Some Air Force officials apparently know about the amounts not charged to the specific aircraft accounts, but they do not report them.  This is done for internal bureaucratic/political reasons, including the desire to keep the appearance of the costs to support a particular program artificially low in order to help it in the bureaucratic budget wars inside the Pentagon-and with Congress when Congress bothers to show an interest in the data.  In other words, officials in the Air Force deliberately misinform not just Congress (on such occasions) but also the Office of the Secretary of Defense even some in the Air Force.

The amounts missing from specific aircraft accounts varies across aircraft; the data for one aircraft type on the CPFH spreadsheet might be complete or fairly complete; another might be missing large amounts of cost..  According to the various experts who reviewed the data, the variance, if uncovered, would probably show favoritism for newer aircraft, such as the J model of the C-130, the F-22, etc.. These are the aircraft the bureaucrats tend to try to help-by understating costs-both inside the Pentagon and to external parties.

This behavior-the mismatch between actual costs and reported costs-has been around for decades.  One source first saw it when he looked into B-1B operating costs in the 1980s; another said that behavior for the B-1B was nothing new.[6]

What the Available Data Do Say

All that said, including all the caveats and all the missing data, the Operational CPFH spreadsheet makes possible some important insights.  Assuming that none of the data are complete, but that there is likely more cost missing from newer, more bureaucratically favored aircraft than others, the spreadsheet shows some remarkable numbers.[7]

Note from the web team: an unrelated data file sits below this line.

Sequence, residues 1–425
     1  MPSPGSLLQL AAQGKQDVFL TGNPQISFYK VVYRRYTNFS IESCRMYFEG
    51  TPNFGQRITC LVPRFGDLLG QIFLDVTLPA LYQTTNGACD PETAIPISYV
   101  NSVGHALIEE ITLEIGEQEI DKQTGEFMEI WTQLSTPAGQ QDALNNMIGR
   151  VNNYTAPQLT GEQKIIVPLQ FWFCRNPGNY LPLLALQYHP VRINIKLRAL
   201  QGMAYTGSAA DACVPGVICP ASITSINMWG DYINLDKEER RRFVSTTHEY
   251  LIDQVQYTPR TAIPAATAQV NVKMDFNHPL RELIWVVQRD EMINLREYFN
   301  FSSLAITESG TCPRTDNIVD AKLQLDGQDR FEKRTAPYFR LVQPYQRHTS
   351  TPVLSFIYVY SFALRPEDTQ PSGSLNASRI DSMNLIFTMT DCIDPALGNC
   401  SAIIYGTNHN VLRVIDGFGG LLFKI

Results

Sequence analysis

According to the best available official Air Force data on the cost to operate these aircraft, the promises of lower (often dramatically lower) operating costs have proven to be false.  The stealth aircraft stand out in this respect:  They are far more expensive than the already steep costs for operating decades-old relics in the force.

The Extraordinary Cost to Support Stealth Aircraft:  Since it was initially deployed in late 2005 until 2008, F-22 flying hour costs (as reported) trended downward.  Meanwhile, costs to fly the increasingly aged F-15C (the aircraft the F-22 is primarily to replace and supplement) have risen.  Both are logical trends for a new and an old aircraft, but even with the F-22 at a nadir and the F-15C at a zenith, the F-22 is almost $10,000 thousand more per hour to operate. 

Moreover, for 2009 – 2010 the F-22 has trended back up, and given its current problems regarding its stealth coatings, its oxygen system, and its grounding, the flying costs will increase in the years beyond 2010.  (The grounding will obviously make per flying hour costs skyrocket in 2011.)

For 2009 – 2010, the F-22 is averaging over $54,000 per hour; the F-15C is averaging almost $35,000, a $19,000 difference, which will surely increase. 

The F-22 is showing itself to be not 35 percent cheaper to operate than the F-15C-as promised-but 56 percent more expensive.